Mask and Mask-less Injection Molded Solder (IMS) Technology for Fine Pitch Substrate Bumping

We report the results on a new pre-solder bumping technology of injection molded solder (IMS) for fine pitch organic substrates. Pure molten solder is injected through a reusable film mask (mask IMS) or directly injected without a mask (mask-less IMS) on the pads of an organic substrate to overcome the limitation of current pre-solder bumping technologies such as solder paste stencil printing and microball mounting.

In the case of mask IMS, targeted solder height over the solder resist (SR) is designed into the mask which has desirable thickness and holes size. Three different solder bump heights such as 30, 50, and 70 microns over SR were demonstrated for commercial organic substrates which have a pitch of 150 μm for 5,000 area array pads. To show the extendibility of the mask IMS bumping method to very fine pitch applications, 100 μm pitch bumping of 10,000 pads and 80 μm pitch bumping of 15,000 pads were demonstrated.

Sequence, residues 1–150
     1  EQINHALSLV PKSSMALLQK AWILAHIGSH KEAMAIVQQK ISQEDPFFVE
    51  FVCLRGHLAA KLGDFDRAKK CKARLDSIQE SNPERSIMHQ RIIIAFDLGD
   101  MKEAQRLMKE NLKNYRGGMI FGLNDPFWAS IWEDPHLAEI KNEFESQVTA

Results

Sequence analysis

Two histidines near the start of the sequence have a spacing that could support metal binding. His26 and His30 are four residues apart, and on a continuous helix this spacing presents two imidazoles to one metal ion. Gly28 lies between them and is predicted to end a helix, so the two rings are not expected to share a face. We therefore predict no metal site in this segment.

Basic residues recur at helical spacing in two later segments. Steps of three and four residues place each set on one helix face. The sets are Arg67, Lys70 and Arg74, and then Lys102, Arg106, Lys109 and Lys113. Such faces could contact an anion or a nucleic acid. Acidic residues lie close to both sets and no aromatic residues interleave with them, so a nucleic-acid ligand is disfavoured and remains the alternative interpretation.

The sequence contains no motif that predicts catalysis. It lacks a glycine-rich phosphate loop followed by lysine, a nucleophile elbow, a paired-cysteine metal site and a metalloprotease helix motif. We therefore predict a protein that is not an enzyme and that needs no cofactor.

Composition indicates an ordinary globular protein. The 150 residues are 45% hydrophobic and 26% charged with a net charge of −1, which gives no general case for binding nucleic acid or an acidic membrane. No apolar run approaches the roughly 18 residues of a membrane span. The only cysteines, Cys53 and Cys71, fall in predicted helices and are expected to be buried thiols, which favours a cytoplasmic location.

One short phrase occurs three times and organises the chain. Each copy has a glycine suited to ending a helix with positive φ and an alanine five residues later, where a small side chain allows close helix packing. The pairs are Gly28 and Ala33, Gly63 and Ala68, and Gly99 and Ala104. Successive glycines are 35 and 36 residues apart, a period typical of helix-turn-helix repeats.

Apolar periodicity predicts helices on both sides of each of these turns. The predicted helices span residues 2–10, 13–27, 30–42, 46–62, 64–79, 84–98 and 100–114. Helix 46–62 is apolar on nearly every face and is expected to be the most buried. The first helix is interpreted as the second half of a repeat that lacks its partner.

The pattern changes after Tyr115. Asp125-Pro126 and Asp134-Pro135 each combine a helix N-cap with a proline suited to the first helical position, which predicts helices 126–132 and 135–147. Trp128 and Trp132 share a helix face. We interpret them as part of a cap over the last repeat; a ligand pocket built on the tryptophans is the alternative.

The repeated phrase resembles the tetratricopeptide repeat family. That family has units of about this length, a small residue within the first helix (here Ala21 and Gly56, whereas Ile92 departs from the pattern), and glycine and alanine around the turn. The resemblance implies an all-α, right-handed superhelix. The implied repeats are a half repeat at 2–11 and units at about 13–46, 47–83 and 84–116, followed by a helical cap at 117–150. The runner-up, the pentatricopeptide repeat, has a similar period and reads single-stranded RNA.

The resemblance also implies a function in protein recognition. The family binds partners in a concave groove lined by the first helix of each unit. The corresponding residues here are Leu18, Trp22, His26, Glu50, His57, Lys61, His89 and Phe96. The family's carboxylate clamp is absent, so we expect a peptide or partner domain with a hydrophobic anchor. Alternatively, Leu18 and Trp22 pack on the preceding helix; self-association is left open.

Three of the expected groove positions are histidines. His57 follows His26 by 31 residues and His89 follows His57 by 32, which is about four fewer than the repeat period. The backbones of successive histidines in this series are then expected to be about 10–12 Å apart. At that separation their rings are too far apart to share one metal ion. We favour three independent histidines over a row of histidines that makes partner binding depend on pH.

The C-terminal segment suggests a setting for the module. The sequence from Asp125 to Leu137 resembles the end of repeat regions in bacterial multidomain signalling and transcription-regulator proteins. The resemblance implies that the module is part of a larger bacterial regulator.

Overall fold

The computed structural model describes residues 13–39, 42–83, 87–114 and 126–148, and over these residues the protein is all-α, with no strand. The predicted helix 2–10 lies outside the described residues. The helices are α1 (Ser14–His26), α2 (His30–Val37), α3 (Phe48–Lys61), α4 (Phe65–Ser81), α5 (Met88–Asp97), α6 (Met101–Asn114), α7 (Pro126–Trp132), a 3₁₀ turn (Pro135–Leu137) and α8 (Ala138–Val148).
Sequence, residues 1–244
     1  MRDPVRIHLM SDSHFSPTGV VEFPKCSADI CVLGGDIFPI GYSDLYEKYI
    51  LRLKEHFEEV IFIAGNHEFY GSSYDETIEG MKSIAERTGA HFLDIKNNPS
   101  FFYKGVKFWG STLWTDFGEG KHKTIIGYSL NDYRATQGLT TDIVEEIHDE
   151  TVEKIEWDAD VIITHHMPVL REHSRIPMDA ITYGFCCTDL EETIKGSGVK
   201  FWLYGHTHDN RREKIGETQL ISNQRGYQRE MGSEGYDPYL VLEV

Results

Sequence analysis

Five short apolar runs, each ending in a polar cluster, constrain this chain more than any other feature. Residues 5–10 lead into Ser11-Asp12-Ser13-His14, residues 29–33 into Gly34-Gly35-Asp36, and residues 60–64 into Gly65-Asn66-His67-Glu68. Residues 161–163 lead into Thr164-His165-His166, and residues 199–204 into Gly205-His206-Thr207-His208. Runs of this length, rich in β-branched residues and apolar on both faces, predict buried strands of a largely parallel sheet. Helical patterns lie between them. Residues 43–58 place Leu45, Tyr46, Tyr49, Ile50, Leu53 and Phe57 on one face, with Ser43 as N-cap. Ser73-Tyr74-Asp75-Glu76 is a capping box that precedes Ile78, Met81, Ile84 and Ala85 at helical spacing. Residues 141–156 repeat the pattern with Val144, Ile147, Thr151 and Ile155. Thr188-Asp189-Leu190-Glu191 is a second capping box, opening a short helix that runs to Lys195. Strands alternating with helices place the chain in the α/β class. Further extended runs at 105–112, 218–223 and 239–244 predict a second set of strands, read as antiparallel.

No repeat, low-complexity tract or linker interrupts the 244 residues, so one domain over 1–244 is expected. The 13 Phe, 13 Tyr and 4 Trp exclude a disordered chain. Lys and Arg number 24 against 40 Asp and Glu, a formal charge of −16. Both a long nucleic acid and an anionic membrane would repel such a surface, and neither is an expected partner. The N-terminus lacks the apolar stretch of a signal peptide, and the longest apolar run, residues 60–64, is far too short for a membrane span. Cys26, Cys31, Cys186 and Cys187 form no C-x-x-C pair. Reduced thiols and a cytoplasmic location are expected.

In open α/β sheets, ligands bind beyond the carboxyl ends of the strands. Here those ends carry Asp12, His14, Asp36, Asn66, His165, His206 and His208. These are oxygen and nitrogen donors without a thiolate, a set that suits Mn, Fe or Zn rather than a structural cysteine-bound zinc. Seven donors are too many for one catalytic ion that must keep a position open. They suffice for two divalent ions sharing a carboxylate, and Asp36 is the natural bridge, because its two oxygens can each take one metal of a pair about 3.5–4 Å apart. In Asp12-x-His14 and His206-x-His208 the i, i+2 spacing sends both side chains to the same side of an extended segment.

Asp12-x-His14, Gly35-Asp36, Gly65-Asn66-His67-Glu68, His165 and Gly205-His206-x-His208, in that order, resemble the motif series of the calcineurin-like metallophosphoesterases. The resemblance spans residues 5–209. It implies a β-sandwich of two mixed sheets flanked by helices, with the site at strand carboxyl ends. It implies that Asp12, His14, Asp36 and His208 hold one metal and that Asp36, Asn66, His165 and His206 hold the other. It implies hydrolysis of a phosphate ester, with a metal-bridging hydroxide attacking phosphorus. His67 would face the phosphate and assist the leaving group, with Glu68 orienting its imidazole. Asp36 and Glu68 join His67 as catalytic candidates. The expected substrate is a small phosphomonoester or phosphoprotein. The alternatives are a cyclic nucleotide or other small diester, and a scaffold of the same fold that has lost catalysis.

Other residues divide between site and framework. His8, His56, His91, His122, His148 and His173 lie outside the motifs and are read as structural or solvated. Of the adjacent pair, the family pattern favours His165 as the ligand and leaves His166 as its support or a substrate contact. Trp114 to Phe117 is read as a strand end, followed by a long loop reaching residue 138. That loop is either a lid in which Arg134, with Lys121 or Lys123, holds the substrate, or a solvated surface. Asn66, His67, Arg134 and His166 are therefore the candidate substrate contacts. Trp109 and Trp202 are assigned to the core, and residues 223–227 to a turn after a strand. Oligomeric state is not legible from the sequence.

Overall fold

In mask-less IMS, the pure molten solder is directly filled into the opening volume of the SR. After the injection of molten solder, solidification of the solder under low oxygen leads to solder protrusions above the SR surface because 100 % pure solder is filled into the whole SR opening volume. For a 150 μm pitch commercial substrate, we demonstrated minimum bump heights of 15 μm over the 20 μm thick SR. Since there is no need to align mask and substrate, the maskless IMS method lowers process costs and makes the process more reliable. By manipulating the opening in the SR, it is possible to enable variations in the height of the solder bumps.

Flux or formic acid is not needed during solder injection of both described processes, but a low oxygen environment must be maintained.

In this paper, we will discuss laboratory scale processes and bump inspection data, along with the discussion of manufacturing strategies for IMS solder bumping technology for fine pitch organic substrates.

By: Jae-Woong Nah, Pter A. Gruber, Paul A. Lauro, Claudius Feger

Published in: RC25039 in 2010


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